My True Story

The Jive Five, Beltone 1006, 1961, #3 Pop and #1 R&B

If I could pin down any doo-wop song as my favorite, it would be The Jive Five’s “My True Story.” Its verse is nothing special; it follows the usual “ice-cream changes” that 90+% of doo-wop songs do (you know: C down to A-minor, to F and then G, like “Heart and Soul”). But each chorus’s repeated falsetto up-swoop is rapturous, and I get lightheaded every time I hear it. I always find myself whistling it long after listening to it, much to the chagrin of those around me.

The Jive Five had three more singles that made the Billboard charts, but much farther down, and they produce no chills when listened to. One-hit-wonderful songs like “My True Story” are little miracles, marvels of the collaborative process that very occasionally creates one gem, never to be equaled.

The “true story” involves a love triangle that includes a guy named Earl, which not only conveniently rhymes with “girl” but also happens to be the first name of quite a few doo-wop singers (though not any of the Jive Five). The sad story that makes the singer “cry, cry, cry” is a sensitive one for him. Taking off on the Dragnet intro, he sings, “The names have been changed, dear, to protect you and I.” (As a grammar nerd, I can’t help but sing “me” to myself every time I hear the line. But as a doo-wop fan, I un-correct my correction, quickly enough not to screw up the meter.)

The song is credited to Eugene Pitt, The Jive Five’s lead singer, and a fellow named Oscar Waltzer. I’m guessing Oscar got co-credit for doing some of the business of getting the song published and/or broadcast. Oscar Waltzer—I’m sorry—is just not the name of a doo-wop/R&B songwriter. (Was it a name made up as a little joke? After all, “My True Story” is in waltz time.)

A side note about Eugene Pitt: Prior to forming The Jive Five, he had a group named The Genies. Two of the Genies went on to have a ’62 top-ten hit, “What’s Your Name?,” as Don and Juan. Another late-doo-wop-era goodie. I recall a long-ago sing-along party, during which we singing partiers had had way too much of something or another to drink. We sang “What’s Your Name” and milked the song’s big finish (What’s your na-a-ame? What’s your na-a-a-a-ame? Shooby-do-wah-wa-ahhh”) for all we could get out of it. Then one of us tagged the next song we sang with that ending, and after that it was every song for the rest of the evening, from “Peaceful, Easy Feeling” to “In My Life.” It happened spontaneously and delighted us. When I tried doing that at another sing-along party years later, I just got annoyed looks. You can’t go home again.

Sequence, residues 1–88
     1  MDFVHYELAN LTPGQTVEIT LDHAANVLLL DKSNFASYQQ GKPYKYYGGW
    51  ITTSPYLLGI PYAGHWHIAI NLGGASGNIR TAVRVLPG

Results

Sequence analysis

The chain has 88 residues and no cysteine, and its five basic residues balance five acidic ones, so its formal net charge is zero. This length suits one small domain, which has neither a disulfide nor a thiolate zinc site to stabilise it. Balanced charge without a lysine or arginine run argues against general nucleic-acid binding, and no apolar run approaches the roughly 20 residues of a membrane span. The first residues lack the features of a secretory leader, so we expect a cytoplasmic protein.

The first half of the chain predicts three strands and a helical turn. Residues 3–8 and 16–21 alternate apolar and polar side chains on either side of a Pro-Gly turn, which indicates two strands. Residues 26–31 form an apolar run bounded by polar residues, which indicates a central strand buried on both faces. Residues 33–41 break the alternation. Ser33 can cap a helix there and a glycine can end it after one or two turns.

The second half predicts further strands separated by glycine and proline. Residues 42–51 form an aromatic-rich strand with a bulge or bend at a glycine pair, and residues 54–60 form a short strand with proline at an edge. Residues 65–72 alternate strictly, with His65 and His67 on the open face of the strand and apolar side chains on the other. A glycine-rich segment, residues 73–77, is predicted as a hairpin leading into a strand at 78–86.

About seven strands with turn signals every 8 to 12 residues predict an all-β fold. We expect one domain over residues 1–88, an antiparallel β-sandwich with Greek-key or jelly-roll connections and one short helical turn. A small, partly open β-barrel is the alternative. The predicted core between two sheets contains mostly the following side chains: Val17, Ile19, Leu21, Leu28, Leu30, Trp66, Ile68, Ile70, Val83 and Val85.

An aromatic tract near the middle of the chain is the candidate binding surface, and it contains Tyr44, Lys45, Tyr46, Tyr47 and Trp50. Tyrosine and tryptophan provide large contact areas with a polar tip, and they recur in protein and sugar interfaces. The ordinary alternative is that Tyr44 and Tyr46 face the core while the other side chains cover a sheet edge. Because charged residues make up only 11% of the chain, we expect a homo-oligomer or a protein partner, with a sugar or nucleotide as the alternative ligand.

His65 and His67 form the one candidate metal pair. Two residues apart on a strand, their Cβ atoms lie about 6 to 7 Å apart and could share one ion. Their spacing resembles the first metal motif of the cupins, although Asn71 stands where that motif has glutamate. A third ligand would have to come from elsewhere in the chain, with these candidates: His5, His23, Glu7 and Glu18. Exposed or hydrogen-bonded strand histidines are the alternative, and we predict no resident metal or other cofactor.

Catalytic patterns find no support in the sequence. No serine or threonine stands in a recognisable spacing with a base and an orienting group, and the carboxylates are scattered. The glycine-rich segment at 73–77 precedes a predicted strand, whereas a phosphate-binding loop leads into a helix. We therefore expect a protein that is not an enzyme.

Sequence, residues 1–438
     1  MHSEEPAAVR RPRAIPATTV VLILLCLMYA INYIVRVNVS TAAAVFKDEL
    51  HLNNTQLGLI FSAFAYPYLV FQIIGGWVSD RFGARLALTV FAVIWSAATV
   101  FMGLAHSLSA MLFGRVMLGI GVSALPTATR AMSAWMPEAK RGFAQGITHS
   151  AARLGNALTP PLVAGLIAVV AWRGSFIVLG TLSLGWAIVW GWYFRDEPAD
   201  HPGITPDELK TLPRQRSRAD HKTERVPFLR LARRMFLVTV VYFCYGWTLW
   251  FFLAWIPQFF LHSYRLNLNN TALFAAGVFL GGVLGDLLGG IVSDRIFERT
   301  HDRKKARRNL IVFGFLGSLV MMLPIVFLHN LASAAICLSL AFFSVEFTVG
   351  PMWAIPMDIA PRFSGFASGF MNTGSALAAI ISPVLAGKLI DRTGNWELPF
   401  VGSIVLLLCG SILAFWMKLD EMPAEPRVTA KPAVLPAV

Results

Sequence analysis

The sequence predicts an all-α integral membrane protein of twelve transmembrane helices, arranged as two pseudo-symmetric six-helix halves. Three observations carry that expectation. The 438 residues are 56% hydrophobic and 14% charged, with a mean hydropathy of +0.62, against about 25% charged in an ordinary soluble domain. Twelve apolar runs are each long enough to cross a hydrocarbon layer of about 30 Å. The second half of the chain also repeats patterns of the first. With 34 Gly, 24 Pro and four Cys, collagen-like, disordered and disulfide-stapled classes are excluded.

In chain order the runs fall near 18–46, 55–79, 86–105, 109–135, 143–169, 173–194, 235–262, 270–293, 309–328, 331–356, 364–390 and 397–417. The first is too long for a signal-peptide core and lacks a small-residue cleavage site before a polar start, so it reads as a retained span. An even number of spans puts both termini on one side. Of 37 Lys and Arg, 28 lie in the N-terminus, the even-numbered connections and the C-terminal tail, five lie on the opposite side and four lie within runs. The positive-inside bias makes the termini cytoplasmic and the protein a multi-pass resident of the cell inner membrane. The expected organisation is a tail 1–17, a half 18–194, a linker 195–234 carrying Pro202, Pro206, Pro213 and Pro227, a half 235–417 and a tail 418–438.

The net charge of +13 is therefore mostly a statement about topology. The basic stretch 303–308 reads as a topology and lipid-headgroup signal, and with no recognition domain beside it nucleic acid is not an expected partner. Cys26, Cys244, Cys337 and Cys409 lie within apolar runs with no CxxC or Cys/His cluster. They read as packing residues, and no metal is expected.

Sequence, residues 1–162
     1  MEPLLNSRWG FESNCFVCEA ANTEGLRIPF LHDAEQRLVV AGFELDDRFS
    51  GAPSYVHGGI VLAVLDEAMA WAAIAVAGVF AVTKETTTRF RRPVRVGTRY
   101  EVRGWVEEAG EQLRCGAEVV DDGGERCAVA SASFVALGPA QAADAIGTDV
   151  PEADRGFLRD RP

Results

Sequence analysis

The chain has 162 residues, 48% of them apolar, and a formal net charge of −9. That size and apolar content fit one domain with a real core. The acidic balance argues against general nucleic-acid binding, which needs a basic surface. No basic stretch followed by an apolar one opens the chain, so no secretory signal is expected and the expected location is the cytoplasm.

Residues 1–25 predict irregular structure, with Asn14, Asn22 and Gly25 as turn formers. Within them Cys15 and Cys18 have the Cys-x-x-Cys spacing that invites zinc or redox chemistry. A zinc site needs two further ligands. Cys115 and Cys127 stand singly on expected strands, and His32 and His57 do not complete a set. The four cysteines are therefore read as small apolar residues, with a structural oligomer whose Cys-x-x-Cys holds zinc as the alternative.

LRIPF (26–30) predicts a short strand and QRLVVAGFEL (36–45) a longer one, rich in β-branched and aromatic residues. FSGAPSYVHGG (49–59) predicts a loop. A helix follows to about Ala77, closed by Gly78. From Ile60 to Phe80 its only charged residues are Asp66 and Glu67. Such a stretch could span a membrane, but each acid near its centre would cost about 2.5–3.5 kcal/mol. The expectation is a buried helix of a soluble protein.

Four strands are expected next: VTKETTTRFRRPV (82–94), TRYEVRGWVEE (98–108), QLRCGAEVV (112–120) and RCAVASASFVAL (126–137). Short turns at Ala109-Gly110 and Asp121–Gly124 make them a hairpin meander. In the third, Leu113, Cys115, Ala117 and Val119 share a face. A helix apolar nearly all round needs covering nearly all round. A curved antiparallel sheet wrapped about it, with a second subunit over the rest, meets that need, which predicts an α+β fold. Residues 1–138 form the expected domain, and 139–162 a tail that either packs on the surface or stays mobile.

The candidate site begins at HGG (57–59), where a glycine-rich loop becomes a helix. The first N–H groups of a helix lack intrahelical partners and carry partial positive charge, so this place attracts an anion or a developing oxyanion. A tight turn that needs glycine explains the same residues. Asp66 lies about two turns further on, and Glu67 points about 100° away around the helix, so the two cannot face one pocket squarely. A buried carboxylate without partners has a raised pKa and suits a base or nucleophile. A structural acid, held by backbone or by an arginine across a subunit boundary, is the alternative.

Once Upon a Time

Rochell & the Candles, Swingin’ 623, 1961, #26 Pop and #20 R&B

A true head-spinner is Rochell & the Candles’ “Once Upon a Time,” from 1961. When I discovered it last year, I couldn’t recall ever having heard it before. But the sound of the 45 was electrifying, and I play it often. It’s among my very favorite doo-wop recordings, despite its melody and structure being pedestrian and repetitive. What catapults the song into the top tier? The lead vocal.